Board of Directors

Board of DirectorsThe Board of Directors is the governing body of the Center for Japanese Mental Health and is comprised of dedicated professionals who have passion, experience, and influence to furter our mission. CJMH is seeking additional board members, please contact Chi Yu to start a conversation.


Miwa Hitsumoto, PhD, LMFT

Executive Director

Dr Miwa Hitsumoto is a licensed Marriage and Family Therapist. In private practice since 2004, Dr Hitsumoto’s practice provides individual, couples, and family counseling to patients who are primarily Japanese speakers or to multi-cultural or multi-ethnic couples and families. She has extensive experience and expertise in applying cognitive behavioral modification and the treatment of PTSD, substance abuse, domestic violence, and mood disorders. From 2005-2008, she published a monthly column in a regional Japanese magazine discussing issues related to counseling and psychotherapy. Prior to practicing clinical psychology as a psychotherapist, Dr Hitsumoto worked in Japan as a software engineer for IBM Japan and a marketing manager for Borland Japan. Dr Hitsumoto earned her PhD in Theology, Christian Counseling from Prodee University and her Master of Arts in Clinical Psychology and Master of Science in Applied Computer Science from Azusa Pacific University.

As President, she chairs the meetings of the board of directors and has responsibility and oversight for the organization’s day-to-day activities. As Executive Director she has responsibility for activities including fundraising, program development, and activities requiring Japanese language proficiency, expertise in Japanese culture, and expertise in clinical psychology or psychotherapy.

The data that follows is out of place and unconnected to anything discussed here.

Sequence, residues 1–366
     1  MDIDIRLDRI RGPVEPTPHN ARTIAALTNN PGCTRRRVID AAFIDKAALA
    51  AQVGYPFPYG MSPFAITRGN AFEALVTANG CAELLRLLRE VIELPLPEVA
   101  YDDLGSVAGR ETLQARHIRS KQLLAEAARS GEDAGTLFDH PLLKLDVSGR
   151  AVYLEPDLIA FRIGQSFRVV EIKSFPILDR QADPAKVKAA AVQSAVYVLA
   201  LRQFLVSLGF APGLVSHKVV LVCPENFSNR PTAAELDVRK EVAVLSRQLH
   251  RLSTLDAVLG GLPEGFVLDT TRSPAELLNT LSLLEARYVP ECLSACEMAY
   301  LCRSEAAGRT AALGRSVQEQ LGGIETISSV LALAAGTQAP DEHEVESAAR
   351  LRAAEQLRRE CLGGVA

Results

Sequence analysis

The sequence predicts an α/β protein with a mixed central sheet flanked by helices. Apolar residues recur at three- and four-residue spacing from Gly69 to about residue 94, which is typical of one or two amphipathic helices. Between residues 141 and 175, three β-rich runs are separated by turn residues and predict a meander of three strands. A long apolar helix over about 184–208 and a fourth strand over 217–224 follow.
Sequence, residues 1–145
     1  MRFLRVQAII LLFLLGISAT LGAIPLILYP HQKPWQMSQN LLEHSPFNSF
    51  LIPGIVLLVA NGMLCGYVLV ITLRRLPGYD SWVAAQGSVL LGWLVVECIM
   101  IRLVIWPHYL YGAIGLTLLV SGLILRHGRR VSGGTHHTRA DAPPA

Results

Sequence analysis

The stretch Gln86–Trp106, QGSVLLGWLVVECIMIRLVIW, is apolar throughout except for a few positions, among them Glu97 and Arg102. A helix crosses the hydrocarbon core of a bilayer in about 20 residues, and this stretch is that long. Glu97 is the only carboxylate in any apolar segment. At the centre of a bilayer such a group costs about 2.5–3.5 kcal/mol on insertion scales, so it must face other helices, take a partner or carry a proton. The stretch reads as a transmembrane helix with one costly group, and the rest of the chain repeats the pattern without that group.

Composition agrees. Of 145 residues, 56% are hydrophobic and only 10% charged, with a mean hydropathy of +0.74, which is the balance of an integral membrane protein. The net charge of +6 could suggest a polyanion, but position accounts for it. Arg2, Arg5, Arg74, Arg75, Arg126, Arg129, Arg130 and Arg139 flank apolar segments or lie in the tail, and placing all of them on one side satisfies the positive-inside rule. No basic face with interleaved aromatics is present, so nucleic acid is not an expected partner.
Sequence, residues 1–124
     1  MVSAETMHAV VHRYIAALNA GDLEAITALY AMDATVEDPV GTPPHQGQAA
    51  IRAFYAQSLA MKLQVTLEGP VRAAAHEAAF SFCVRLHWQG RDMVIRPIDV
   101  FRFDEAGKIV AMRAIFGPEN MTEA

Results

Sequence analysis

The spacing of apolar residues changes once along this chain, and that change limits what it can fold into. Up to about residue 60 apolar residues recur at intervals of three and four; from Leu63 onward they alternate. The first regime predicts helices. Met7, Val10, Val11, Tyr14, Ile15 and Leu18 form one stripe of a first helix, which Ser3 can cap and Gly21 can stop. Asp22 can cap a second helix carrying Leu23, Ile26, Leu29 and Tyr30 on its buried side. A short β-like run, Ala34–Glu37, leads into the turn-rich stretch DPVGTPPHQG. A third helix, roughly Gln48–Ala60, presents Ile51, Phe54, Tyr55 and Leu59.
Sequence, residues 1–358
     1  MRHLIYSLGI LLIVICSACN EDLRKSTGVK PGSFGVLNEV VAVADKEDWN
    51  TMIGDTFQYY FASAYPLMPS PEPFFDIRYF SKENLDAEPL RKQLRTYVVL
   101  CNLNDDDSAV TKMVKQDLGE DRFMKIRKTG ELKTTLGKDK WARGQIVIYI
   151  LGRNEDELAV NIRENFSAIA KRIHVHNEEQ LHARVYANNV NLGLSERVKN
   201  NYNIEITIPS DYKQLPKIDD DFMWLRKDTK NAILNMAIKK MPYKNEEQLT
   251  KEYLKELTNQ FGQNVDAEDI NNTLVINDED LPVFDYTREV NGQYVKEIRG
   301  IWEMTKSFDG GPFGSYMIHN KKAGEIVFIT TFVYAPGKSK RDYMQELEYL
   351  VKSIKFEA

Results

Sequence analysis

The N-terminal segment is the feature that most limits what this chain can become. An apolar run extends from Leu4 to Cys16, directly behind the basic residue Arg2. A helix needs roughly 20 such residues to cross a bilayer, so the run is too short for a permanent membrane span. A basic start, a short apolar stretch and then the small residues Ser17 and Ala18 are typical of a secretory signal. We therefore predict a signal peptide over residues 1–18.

Yoshiyuki Taki


Yoshiyuki Taki is an attorney practicing immigration law for the past 17 years, helping Japanese people and companies to relocate to the United States. He was admitted to the State Bar of Arizona in 1996 and earned Bachelor of Law from Niigata University, Niigata, Japan, a Master of Comparative Law from Indiana University School of Law, a Master of Arts in Ministry from Hope International University, and a Master of Theology from Fuller Theological Seminary. He serves a predominantly Japanese clientele and cares deeply for the Japanese community. Mr. Taki is an active member of the American Bar Association, American Immigration Lawyers Association, and Japan Business Association.

As Treasurer and Secretary, he ensures that the financial books and records of the organization are accurate and up to date. He is responsible for the organization’s tax filings.

Natalie Profant Komuro has 27 years experience in homeless services, including 17 years in nonprofit management. Since 2007, she has been executive director of Ascencia, a nonprofit homeless service agency that offers on-site psychiatry and trauma therapy, including EMDR (eye movement desensitization and reprocessing) methods to assist homeless clients. She teaches marketing for nonprofit organization as an adjunct professor at California State University, Los Angeles. She earned her Bachelor of Arts from Pomona College and her Master of Arts from UCLA.

Helen Chen, MD


Dr Helen Chen, is a board certified radiation oncologist and trained at UC Irvine and the City of Hope Medical Center. She has practiced radiation oncology in Southern California for 20 years. She currently practices as the Medical Director of the Department of Radiation Oncology at the City of Hope/South Pasadena. Dr. Chen grew up in Monterey Park, California, in a family that has been dedicated to public service. Her mother has a Masters in social work. Dr. Chen received her bachelor’s degree with distinction from Stanford University and attended UC San Francisco Medical School. She has been on the board of various Asian American physician organizations. Her spouse and in-laws are of Japanese descent, and she has been an active member of the Japanese American Medical Association, most recently on their Scholarship Committee. Dr. Chen is highly interested in the mental health aspects of all patients, and in particular Asian American and Japanese American patients who often do not have adequate access to psychological services due to lack of education, insurance resources, language barriers, and cultural beliefs.